+</listitem>
+
+</itemizedlist>
+</para>
+
+<para>To add workstation entries to this file you'll need to add two
+lines for each system; one in the top section where the name(s) are
+mapped into Internet Addresses ("IN A"), and another line that maps
+the addresses back into names in the <filename>$ORIGIN
+1.168.192.IN-ADDR.ARPA</filename> section.</para>
+
+</sect2>
+
+<sect2>
+<title>Starting the DNS Server</title>
+
+<para>By default the DNS server ('<filename>/usr/sbin/named</filename>') is not
+started when the system boots. You can modify this behavior by
+changing a single line in '<filename>/etc/rc.conf</filename>' as follows:</para>
+
+<para> Using the '<emphasis remap=tt>ee</emphasis>' editor, load <filename>/etc/rc.conf</filename>. Scroll
+down approximately 40 lines until you come to the section that says:
+<informalexample>
+<screen>---
+named_enable="NO" # Run named, the DNS server (or NO).
+named_flags="-b /etc/namedb/named.boot" # Flags to named (if enabled).
+---</screen>
+</informalexample>
+
+Change this section to read:
+<informalexample>
+<screen>---
+named_enable="YES" # Run named, the DNS server (or NO).
+named_flags="-b /etc/namedb/named.boot" # Flags to named (if enabled).
+---</screen>
+</informalexample>
+
+Save the file and reboot.</para>
+
+<para>Alternatively, start the Name Server daemon by entering the following
+command:
+<informalexample>
+<screen># named -b /etc/namedb/named.boot</screen>
+</informalexample>
+</para>
+
+<para>Whenever you modify any of the files in <filename>/etc/namedb</filename> you'll
+need to kick-start the Name Server process to make it pick up the
+modifications. This is performed with the following system command:
+<informalexample>
+<screen># kill -HUP `cat /var/run/named.pid`</screen>
+</informalexample>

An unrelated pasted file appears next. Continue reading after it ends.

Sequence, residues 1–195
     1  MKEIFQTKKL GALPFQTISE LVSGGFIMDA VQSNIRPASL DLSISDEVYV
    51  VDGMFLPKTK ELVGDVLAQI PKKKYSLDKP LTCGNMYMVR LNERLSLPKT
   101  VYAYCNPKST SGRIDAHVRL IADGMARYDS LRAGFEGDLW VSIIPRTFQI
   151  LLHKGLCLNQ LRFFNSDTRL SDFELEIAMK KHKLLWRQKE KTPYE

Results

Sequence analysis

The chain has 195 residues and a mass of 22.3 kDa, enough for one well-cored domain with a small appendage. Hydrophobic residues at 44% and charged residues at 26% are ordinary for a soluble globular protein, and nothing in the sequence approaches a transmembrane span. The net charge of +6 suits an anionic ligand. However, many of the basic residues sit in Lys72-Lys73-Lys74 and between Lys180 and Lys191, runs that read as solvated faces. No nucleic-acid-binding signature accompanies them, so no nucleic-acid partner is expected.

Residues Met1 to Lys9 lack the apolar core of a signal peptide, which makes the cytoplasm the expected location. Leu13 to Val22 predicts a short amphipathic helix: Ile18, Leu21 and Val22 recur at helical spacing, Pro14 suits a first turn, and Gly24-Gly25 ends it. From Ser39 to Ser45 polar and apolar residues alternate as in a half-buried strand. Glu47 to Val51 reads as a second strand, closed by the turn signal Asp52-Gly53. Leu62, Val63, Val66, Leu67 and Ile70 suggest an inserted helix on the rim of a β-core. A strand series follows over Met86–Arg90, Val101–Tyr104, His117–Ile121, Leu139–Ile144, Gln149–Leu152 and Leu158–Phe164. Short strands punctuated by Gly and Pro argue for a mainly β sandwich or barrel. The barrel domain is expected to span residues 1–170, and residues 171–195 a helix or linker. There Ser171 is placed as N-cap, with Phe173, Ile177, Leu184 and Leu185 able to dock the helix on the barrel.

+</para>
+
+</sect2>
+</sect1>
+
+<sect1>
+<title>Playing with PPP filters</title>
+
+<para>The PPP program has the ability to apply selected filtering rules
+to the traffic it routes. While this is not nearly as secure as a
+formal firewall it does provide some access control as to how the link
+is used.</para>
+
+<para>('<emphasis remap=tt>man ipfw</emphasis>' for information on setting up a more secure
+FreeBSD system.)</para>
+
+<para>The complete documentation for the various filters and rules under
+PPP are availabe in the PPP manpage.</para>
+
+<para>There are four distinct classes of rules which may be applied to
+the PPP program:
+<itemizedlist>
+
+<listitem>
+<para><emphasis remap=tt>afilter</emphasis> - Access Counter (or "Keep Alive") filters
+</para>
+
+<para>These control which events are ignored by the <literal>set timeout=</literal>
+statement in the configuration file.</para>
+</listitem>
+
+<listitem>
+<para><emphasis remap=tt>dfilter</emphasis> - Dialing filters
+</para>
+
+<para>These filtering rules control which events are ignored by the
+demand-dial mode of PPP.</para>
+</listitem>
+
+<listitem>
+<para><emphasis remap=tt>ifilter</emphasis> - Input filters
+</para>
+
+<para>Control whether incoming packets should be discarded or passed into
+the system.</para>
+</listitem>
+
+<listitem>
+<para><emphasis remap=tt>ofilter</emphasis> - Output filters
+</para>
+
+<para>Control whether outgoing packets should be discarded or passed into
+the system.</para>
+</listitem>
+
+</itemizedlist>
+</para>
+